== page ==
The Arabidopsis thaliana ecotype Col-0 served as the WT control. The transgenic ATG8-OE lines were made using 35S promoter, containing YFP fluorescent tag, and identified by fluorescence intensity and RT-qPCR. The tic21 mutants, obtained using CRISPR/Cas9 method, were kindly provided by Ms. Jumei Zhang from College of Life Science and Technology, Huazhong Agricultural University. The Oryza sativa ecotype ZH11, used as the WT control, and srt1 mutant were kindly provided by Prof. Jie Luo from Tropical Crop College of Hainan University. The Brassica napus ecotype Westar seedlings were kindly provided by Dr. Xuan Yao from College of Plant Science and Technology, Huazhong Agricultural University. Arabidopsis seeds were germinated on humid soil (peat soil: vermiculite: perlite = 1: 1: 1) for 2 d at 4 °C in darkness for vernalization, and then transferred to a phytotron at 21 °C with a 16-h light and 8-h dark photoperiod. After growth for 7—10 days, the four-leaf stage seedlings were transplanted into separate pots. Rice seeds were surface-sterilized in 3% (v:v) H2O2 for 10 min, then rinsed and imbibed for 48 h in aerated distilled water at 30 °C. After a further 5–7 days, germinated seeds were placed in glass tubes with agarose medium, and grew in a greenhouse or a controlled growth chamber.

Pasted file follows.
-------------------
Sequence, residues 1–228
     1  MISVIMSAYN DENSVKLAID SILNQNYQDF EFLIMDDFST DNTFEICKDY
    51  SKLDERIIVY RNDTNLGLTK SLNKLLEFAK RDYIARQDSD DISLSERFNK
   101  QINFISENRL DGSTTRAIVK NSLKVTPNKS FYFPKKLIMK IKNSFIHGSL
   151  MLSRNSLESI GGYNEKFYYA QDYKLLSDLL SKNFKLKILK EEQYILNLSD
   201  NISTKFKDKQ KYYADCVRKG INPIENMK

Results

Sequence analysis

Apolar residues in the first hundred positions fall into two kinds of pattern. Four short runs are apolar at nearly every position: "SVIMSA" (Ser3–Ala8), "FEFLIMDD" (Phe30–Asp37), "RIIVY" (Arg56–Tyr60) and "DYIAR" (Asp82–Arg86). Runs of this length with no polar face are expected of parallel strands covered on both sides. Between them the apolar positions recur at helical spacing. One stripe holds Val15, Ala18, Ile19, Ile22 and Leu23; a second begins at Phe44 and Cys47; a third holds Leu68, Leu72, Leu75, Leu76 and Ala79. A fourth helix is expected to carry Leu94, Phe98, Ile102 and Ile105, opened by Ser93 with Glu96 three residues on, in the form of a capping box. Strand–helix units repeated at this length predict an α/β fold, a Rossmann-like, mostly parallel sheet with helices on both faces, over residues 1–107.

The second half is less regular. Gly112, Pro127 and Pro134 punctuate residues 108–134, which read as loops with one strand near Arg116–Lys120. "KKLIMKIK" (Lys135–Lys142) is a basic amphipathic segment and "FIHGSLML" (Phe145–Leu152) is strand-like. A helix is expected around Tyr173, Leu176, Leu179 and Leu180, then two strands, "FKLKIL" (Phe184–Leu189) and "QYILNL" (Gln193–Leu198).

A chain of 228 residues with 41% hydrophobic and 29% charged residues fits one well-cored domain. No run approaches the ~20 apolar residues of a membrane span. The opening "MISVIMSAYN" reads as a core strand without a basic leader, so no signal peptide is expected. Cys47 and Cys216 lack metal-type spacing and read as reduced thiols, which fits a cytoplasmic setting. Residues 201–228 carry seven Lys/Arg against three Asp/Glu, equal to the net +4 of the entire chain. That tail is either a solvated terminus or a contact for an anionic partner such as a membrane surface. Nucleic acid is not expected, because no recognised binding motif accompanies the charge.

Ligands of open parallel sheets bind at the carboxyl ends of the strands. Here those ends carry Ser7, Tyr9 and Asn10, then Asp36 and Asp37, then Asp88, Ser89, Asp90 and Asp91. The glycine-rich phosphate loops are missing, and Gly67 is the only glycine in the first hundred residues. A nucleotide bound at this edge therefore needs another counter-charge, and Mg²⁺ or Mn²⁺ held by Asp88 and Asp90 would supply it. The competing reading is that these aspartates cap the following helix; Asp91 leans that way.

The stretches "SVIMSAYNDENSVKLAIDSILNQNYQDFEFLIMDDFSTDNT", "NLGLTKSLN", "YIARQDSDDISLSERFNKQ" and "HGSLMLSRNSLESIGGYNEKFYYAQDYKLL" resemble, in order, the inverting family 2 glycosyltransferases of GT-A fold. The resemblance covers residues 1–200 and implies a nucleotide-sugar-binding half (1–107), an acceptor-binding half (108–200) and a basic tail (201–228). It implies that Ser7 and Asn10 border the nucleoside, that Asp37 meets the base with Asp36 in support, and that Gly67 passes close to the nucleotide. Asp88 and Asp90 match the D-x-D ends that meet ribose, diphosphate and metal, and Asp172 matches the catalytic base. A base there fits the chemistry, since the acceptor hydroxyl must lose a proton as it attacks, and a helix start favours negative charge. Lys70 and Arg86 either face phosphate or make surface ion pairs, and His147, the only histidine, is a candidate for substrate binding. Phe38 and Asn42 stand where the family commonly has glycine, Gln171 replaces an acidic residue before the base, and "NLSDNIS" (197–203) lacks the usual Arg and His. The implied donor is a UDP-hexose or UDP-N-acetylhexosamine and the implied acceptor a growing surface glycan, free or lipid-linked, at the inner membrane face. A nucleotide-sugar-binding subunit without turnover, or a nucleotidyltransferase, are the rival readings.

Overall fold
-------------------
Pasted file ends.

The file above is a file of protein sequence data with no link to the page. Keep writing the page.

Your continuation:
Components of electrode solutions
The pipette solution used to detect Arabidopsis and Brassica napus contains 3 M KCl, and the bath solution contains 5 mM KCl, 1 mM CaCl2, 1 mM MgCl2, 10 mM MES and sorbitol to 486 mOsm, adjust pH to 5.5 with Tris. The solutions were modified with reference to patch clamp technique and non-invasive microelectrode ion flux measurement (MIFE) [55, 88]. In rice, the pipette solution contains 0.1 M KCl and the bath solution contains 5 mM MES, 0.5 mM CaCl2 and 0.05 mM KCl, adjust pH to 6.0 with Tris-HCl . All solutions were sterile filtered (0.22 μm) and stored at 4°C. General chemical reagents were purchased from Sigma (USA) or Aladdin (CHN).